20 YEARS OLD: RONALD MCDONALD HOUSE
CRAIG T. KOJIMA / CKOJIMA@STARBULLETIN.COM
Tishelle Hepa, left, in town from Kauai for chemotherapy to treat her leukemia, hugged hanai uncle Ed Pickop, also from Kauai, as the Ronald McDonald house celebrated its 20th anniversary yesterday. Pickop's daughter Nalinee stayed at the house almost 20 years ago after suffering infantile botulism poisoning.
Shelter for sick always open
Seriously ill children who stay at the Ronald McDonald House while being treated never miss Christmas or any other holiday.
"We have a perpetual Christmas tree," said Jerri Chong, executive director of Ronald McDonald House Charities of Hawaii. "Every day is Christmas."
Children also decorate the tree for Easter, Halloween and other occasions, she said.
The year-round tree is just one of many special touches at the 10-bedroom home at 1970 Judd Hillside Road, which celebrated its 20th anniversary yesterday with families, founders, staff and volunteers.
Sue Entz of Kona, who was president of the founding board, saw the need for such a facility while teaching at the old Children's Hospital. Parents from rural Oahu and the neighbor islands had nowhere to stay when their children were hospitalized, she said.
"They stayed in broom closets, vacant cars and days on end in the waiting room, or they were going home and leaving children without the emotional support they needed."
Comfort in time of need
Neighbor island and Pacific families often must leave home suddenly when a seriously ill child is flown to Honolulu for treatment, and they arrive with very little, said Jerri Chong, executive director of the Ronald McDonald House Charities of Hawaii.
The Ronald McDonald Houses at Judd Hillside and Oahu Avenue provide everything the families need during a stressful time -- a comfortable home, food, transportation and emotional support, she said.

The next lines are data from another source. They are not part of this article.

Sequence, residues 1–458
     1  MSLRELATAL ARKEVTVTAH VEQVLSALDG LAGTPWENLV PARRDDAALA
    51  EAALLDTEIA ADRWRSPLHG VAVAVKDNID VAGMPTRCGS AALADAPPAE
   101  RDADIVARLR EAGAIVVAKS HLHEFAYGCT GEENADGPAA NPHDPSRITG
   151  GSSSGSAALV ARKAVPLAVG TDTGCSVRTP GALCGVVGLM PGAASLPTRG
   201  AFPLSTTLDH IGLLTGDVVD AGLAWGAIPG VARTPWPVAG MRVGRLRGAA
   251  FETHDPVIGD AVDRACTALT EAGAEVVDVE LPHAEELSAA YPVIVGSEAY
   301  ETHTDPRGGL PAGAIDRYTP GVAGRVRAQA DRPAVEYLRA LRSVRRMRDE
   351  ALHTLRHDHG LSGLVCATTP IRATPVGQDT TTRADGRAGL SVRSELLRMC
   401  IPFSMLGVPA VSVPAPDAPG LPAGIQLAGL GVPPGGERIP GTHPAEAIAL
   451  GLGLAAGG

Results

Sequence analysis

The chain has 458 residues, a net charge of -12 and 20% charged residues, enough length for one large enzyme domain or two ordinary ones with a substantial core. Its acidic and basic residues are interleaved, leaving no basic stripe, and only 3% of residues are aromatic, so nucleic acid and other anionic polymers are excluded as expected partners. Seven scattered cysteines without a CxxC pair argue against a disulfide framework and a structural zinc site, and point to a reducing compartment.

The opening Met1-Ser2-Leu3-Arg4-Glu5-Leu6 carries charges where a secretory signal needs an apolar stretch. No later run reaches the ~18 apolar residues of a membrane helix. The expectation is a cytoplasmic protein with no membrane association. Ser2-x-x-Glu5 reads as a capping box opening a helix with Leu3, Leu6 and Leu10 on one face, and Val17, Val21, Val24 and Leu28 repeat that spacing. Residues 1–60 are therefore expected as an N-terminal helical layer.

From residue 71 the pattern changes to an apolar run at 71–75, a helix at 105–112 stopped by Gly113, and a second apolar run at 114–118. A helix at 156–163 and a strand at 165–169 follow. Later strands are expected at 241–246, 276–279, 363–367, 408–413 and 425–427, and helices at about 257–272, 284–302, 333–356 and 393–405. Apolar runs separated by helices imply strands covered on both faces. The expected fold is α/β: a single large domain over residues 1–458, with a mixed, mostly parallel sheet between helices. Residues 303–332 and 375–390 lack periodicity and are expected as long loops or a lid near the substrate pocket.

The public can help support the "House that Love Built" by donating $1 at any McDonald's Restaurant through March 30. Donors receive a colorful house-shaped cutout to write their name on, which will be displayed at the restaurants.
McDonald's Restaurants was an advertising account of her husband, John Burns, and his agency received information about a Ronald McDonald House in Chicago, she said.
"I said, 'That's what we have to do,' and we got it done."
But Entz and Kitty Lagareta, also one of the founders, recalled their struggle trying to convince people of the need and get permits and funding. "We came within a whisper of losing not only this, but the organization," Entz said.
About 20,000 people have stayed a total of 87,000 nights in the house, according to records. Families generally are allowed to stay up to 90 days, but some with critically ill children are there more than a year, Chong said. Families are asked to pay $20 a night if they can.
Meredith Palafox of Kona spent her 17th birthday in the Ronald McDonald House last May 9 while being treated for lymphoma at Kapiolani Medical Center. She stayed at the house from March 2006 to July 2006.
"I love it. It's neat, especially the people," she said.
Hanging out with her yesterday was Ruthie Mersburgh, 5, also of Kona, who was in and out of the house from March 2006 to February this year while being treated for neuroblastoma.
Meredith and Ruthie both had transplants with their own stem cells, said Gene Davis, spokesman for Ronald McDonald House Charities of Hawaii. Stem cells are filtered from the patient's circulatory system, stored in liquid nitrogen and reinjected in the child after heavy chemotherapy destroys all bone marrow, he explained.
"Both young ladies have shown remarkable improvement since that therapy. Meredith really helped Ruthie, too."
Charlene and Daniel Mersburgh, Ruthie's parents, were among those celebrating yesterday, not only because of their gratitude for the Ronald McDonald House but also because of their daughter's checkup Monday.
"Her blood count is excellent," Charlene said. "It's so exciting and timely for the celebration."